Photographs in the collection include images of Goudy by Doris U. Jaeger (1919) and Clarence H. White (1923); photographs of the cascade and Goudy's house and workshop at Deepdene, Marlborough, New York, prior to the fire of 29 January 1939; Goudy in his cloth work hat (one of which is part of the collection); formal portraits of Goudy in academic rRegalia; Goudy and his favorite cat, "Marmlade"; and snapshots of Goudy taken during his September 1941 visit to Scripps College.
- 15th century-1979.
- Majority of material found within 1923-1947.
- Goudy, Frederic W. (Frederic William), 1865-1947 (Creator, Person)
Language of Material
The materials in the collection are in English.
Restrictions on Access
This collection is open for research with permission from Ella Strong Denison Library staff.
All requests for permission to publish must be submitted in writing to Denison Library.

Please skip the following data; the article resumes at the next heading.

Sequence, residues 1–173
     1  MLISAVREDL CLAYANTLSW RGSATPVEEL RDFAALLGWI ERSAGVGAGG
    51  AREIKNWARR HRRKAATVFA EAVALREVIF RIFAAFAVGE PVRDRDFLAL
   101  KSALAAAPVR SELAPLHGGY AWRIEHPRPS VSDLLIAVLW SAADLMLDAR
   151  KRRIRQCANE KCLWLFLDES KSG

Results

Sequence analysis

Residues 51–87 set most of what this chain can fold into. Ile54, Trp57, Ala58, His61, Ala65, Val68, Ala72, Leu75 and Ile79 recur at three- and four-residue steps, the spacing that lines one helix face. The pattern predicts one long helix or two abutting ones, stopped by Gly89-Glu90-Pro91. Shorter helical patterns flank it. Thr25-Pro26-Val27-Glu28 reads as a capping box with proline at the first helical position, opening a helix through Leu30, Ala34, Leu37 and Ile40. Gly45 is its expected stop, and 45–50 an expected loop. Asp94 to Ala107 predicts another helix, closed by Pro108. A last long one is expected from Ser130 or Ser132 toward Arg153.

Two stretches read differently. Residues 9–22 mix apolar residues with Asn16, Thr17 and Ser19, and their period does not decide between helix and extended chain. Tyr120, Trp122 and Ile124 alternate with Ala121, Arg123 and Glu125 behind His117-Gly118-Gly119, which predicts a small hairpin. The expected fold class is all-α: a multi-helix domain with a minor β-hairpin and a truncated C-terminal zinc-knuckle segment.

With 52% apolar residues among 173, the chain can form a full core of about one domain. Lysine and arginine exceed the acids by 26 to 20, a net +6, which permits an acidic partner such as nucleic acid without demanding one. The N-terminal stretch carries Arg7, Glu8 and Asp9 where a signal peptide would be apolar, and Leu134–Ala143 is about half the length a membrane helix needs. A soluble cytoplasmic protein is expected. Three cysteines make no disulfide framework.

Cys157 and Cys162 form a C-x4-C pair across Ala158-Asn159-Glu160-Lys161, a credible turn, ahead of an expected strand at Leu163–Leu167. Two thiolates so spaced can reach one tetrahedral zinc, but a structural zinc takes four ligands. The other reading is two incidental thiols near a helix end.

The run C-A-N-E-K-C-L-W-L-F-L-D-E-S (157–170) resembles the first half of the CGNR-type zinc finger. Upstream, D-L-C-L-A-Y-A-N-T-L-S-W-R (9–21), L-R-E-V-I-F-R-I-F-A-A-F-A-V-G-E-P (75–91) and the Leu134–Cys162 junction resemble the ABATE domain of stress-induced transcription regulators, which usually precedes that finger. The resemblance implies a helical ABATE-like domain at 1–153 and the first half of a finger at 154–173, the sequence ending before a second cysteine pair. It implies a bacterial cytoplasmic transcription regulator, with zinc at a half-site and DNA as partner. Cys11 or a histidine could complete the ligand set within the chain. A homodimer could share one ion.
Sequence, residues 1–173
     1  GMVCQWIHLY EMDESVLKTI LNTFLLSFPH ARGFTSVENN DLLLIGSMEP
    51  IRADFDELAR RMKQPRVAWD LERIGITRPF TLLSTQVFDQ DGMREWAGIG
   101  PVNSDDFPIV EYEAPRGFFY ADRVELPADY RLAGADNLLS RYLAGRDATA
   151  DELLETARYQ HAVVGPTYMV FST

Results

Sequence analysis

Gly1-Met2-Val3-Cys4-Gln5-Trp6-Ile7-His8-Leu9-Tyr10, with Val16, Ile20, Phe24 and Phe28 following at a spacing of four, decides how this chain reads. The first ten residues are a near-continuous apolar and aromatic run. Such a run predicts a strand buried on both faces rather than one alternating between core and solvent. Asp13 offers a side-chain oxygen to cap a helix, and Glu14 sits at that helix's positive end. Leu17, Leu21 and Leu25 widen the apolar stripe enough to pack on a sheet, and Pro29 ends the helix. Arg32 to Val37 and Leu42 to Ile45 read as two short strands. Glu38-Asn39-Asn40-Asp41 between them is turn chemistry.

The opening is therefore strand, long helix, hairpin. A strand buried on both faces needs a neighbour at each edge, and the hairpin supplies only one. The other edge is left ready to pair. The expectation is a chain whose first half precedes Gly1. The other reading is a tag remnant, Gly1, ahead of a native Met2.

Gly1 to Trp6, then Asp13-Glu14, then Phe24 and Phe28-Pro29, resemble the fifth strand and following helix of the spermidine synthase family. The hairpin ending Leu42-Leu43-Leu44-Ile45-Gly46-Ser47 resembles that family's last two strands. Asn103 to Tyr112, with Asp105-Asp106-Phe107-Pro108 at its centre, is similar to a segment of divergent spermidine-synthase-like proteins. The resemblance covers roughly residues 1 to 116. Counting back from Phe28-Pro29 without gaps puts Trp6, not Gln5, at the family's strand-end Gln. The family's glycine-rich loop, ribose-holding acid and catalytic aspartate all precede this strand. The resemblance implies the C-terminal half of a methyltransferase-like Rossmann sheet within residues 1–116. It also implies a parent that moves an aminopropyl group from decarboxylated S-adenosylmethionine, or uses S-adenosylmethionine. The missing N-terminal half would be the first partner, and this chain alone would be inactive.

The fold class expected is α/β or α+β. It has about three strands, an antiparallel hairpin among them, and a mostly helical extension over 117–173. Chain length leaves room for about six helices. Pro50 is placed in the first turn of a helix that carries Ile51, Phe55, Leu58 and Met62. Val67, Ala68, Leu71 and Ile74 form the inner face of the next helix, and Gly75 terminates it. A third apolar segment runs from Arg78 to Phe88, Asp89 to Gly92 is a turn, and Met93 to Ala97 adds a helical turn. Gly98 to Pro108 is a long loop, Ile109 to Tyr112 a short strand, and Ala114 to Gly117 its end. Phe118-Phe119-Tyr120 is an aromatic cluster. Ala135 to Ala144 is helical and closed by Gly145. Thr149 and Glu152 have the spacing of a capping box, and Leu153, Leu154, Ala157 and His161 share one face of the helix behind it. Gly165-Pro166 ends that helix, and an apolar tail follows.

Frederic William Goudy was born in Bloomington, Illinois, 18 March 1865, the son of John Fleming Gowdy (who later changed the spelling to the traditional Scotts “Goudy”), superintendent of schools in Bloomington, and Amanda Melvina Truesdell. Goudy began his life as an independent adult as a cashier and bookkeeper for a department store in Minneapolis, Minnesota, in 1888; shortly afterwards he moved to Springfield, Illinois, and then to Chicago, where he held a number of bookkeeping positions, visiting bookshops, meeting bibliophiles, becoming acquainted with the Arts and Crafts movement (in particular, the work of William Morris’s Kelmscott Press), and learning printing and typography on the side. In 1895, in collaboration with Cyrus Lauron Hooper, Goudy established the short-lived Booklet (later renamed Camelot) Press, and obtained the commission to print the second volume of the fortnightly magazine, The Chap Book, published by Stone and Kimball, which was widely praised for its fine design. In 1896, after the collapse of the press, Goudy designed his first typeface for commercial use, Camelot, purchased by Dickinson Type Foundry in Boston. In 1897, he married Bertha M. Sprinks, and in 1899 finally set himself up as a free-lance designer. In 1903, together with his wife and Will Ransom, Goudy set up the Village Press, in Park Ridge, Illinois. The venture was modeled on the Arts and Crafts movement ideals of William Morris, and utilized a typeface, Village, originally created that same year for the Chicago clothing manufacturer, Kuppenheimer & Company. The first work printed was a reprint of “Printing”, an essay by William Morris and Emery Walker originally published in Arts and Crafts Essays by Members of the Arts and Crafts Exhibition Society (1899). Goudy soon bought out Ransom, and moved the press, first, in 1904, to Hingham, Massachusetts, and in 1906 to New York City, where, in January 1908, all Goudy’s equipment and designs was destroyed by fire. The Goudys revived the press in 1912, moving it the following year to a house on Deepdene Road, Forest Hills Gardens, Long Island, where it remained until 1923, when it was removed to a property, renamed “Deepdene” by the Goudys, in Marlborough-on-Hudson, New York.